Unsubstantiated Filipino Sabah claim
Posted in the China Forum
#1 Mar 20, 2013
Independent National Newspaper of East Malaysia
Published on: Saturday, March 02, 2013
Why the whole Sulu claim is dubious
By: Anak Borneo
IN the wake of the Lahad Datu stand off, there are a few issues that need to be addressed especially in the context of the Sabah claim by the Suluks.
The conventional wisdom is the Sulu Sultanate had some kind of right to Sabah, at least in the eastern part of the state.
This is because in 1878, the then ruler of Sulu, Sultan Jamallul Alam signed an agreement with Baron de Overbeck and Alfred Dent to 'cede' Sabah in perpetuity in return for annual payment according to the British/Malaysian version; and to 'lease' Sabah according to the Suluk/Filipino version, depending which version of the documents one refers to.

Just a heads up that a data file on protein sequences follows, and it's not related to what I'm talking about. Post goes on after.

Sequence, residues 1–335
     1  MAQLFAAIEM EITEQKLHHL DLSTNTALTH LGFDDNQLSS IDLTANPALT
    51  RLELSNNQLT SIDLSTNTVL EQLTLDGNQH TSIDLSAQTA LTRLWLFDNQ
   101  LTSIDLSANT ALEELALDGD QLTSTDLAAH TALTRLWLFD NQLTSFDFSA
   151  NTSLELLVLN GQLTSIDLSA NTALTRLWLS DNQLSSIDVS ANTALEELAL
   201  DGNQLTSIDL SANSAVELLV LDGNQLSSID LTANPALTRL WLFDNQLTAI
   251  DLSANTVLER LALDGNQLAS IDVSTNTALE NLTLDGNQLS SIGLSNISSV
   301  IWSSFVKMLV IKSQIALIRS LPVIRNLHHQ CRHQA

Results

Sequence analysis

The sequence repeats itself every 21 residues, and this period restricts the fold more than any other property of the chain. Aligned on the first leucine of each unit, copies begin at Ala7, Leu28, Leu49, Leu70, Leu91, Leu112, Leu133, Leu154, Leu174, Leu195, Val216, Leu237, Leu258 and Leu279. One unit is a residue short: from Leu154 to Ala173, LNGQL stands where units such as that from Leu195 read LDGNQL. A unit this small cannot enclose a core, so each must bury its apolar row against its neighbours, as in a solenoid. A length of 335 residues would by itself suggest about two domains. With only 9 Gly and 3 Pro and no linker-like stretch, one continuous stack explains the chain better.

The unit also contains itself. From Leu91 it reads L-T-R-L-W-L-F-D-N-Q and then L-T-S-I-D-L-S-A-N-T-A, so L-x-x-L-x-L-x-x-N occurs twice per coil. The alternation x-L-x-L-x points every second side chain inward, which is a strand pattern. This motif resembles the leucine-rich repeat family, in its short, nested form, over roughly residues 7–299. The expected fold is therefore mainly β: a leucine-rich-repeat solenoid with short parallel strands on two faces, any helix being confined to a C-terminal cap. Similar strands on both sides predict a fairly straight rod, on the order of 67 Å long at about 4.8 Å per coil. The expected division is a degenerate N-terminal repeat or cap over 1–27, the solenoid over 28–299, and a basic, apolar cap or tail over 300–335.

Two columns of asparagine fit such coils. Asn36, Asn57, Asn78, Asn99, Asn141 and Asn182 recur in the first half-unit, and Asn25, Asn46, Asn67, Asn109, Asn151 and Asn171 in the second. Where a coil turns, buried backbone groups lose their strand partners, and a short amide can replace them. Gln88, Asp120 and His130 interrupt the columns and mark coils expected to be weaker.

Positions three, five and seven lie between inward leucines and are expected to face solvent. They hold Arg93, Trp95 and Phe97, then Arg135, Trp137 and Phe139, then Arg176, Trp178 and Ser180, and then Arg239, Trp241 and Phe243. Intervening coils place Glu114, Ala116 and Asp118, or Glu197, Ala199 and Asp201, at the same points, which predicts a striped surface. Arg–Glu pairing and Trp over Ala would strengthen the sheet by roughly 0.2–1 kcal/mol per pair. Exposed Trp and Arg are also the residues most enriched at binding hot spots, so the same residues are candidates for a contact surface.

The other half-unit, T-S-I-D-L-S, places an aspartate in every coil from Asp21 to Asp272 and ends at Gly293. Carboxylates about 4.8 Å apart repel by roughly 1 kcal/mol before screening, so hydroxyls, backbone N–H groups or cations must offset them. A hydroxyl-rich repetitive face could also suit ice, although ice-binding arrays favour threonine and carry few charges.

In 1881, the British Chartered Company took over the arrangement from the two gentlemen, and later passed it on to the British Crown when Sabah was made a colony in 1946. With the formation of Malaysia in 1963, we continue with the payment of the monies to the Suluks.
Nothing was heard about this for many years until the Macaskie judgement in 1939 when he heard a case over which Suluk heirs had the right to the annual 'cession' monies after the death of the Sultan.
It is worthwhile noting that Macaskie who was the judge of North Borneo at the time had stated that "The deed of Cession was a complete and irrevocable grant of territory and the right reserved was only the right to an annual payment, a right which is in nature of movable property".